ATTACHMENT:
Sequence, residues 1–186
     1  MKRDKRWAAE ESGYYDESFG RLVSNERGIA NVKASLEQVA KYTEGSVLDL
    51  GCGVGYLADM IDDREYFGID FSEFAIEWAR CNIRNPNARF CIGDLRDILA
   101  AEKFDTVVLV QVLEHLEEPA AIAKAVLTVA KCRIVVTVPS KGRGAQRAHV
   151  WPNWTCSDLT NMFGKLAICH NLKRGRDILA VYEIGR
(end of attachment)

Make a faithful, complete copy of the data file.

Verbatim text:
Sequence, residues 1–186
     1  MKRDKRWAAE ESGYYDESFG RLVSNERGIA NVKASLEQVA KYTEGSVLDL
    51  GCGVGYLADM IDDREYFGID FSEFAIEWAR CNIRNPNARF CIGDLRDILA
   101  AEKFDTVVLV QVLEHLEEPA AIAKAVLTVA KCRIVVTVPS KGRGAQRAHV
   151  WPNWTCSDLT NMFGKLAICH NLKRGRDILA VYEIGR